Questions for Hunting Businesses to Ask Hunters

One of the best things to do for your hunting business is to ask questions of…guess who?

Old Time Hunter

image credit: freeparking

Hunters!

I know, I know. It seems obvious, but I for one forget to do it as often as I should. How often do you ask your customers or potential customers, questions about what they’re looking for? What their feeling? What they would like to see from a hunting outfitter, blog, or Website?

I believe that open-ended questions on the Web are the best for forming meaningful conversations and connections.

Here are a few example questions (for you to build from) when you visit the places on the Web hunters frequent.

On a Hunting Forum

First, learn the accepted rules of forum conduct and then begin interacting with the members by asking questions that will add value to their experience and that are related to your business (in that priority order).

What are your experiences (good or bad) with an outfitter/guide?

Do you have any thoughts on what might be wrong with hunting Websites?

What are some thoughts you have on successful hunting business marketing? (Wink, wink – I’d ask this one)

In the Comments on a Blog Post

For hunters that have blogs to document their love for hunting, their hunting experiences and the like, commenting on their posts is a great way to make a connection.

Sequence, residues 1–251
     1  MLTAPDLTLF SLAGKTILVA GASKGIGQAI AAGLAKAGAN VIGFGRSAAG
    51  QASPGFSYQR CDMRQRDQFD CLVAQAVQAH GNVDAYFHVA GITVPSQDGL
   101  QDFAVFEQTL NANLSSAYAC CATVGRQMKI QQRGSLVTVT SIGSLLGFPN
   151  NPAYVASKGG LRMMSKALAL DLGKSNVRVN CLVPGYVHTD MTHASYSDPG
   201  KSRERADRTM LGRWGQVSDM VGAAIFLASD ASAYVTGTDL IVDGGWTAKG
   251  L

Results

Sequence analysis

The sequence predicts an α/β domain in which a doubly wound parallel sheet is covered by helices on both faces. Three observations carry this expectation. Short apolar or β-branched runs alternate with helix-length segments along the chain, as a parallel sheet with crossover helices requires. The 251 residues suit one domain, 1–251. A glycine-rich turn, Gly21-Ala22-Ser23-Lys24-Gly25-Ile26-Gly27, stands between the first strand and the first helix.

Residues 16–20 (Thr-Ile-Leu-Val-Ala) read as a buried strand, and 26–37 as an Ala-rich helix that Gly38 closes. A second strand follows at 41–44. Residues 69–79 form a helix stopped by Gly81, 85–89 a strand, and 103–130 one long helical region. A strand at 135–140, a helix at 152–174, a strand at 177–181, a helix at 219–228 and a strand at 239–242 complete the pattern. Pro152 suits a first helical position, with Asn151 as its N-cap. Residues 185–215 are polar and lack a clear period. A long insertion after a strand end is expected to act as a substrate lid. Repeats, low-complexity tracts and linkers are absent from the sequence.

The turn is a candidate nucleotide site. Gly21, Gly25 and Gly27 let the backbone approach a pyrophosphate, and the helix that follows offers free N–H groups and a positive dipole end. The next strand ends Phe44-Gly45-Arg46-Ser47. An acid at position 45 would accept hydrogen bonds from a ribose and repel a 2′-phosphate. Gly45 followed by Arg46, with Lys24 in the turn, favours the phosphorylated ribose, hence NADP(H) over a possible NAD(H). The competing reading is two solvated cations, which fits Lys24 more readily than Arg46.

What are your suggestions for applying this technique to [insert your hunting niche]?

What would you change about your hunting story if you could?

What would you recommend for a newcomer [or modest or expert] for further reading on this subject? (A question I’d love to answer on this blog).

On Twitter

Twitter is great for asking questions of your hunter followers (once you have enough – and it doesn’t take as many as you’d think if you ask great questions – to get valuable feedback).

Has anyone else gotten into a tree stand while hunting only to find out there is a branch in your draw zone? How can you fix that on the fly?

Have you ever been in a hunting situation where better equipment could have made a difference?

Does anyone have any hunting equipment ideas or needs?

Summary

Remember to ask questions that will add value to your reader’s life experience and that will prove valuable for your business (in that order).

Related posts on Hunting Business Marketing

The Top Hunting Blogs: Part 1

3 Online Marketing Ideas for Hunting Outfitters, Web Communities, and Stores

4 Tips on What Features Your Website Should Have

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Dayne Shuda

I'm a blogger and hunting enthusiast. Follow me on Twitter.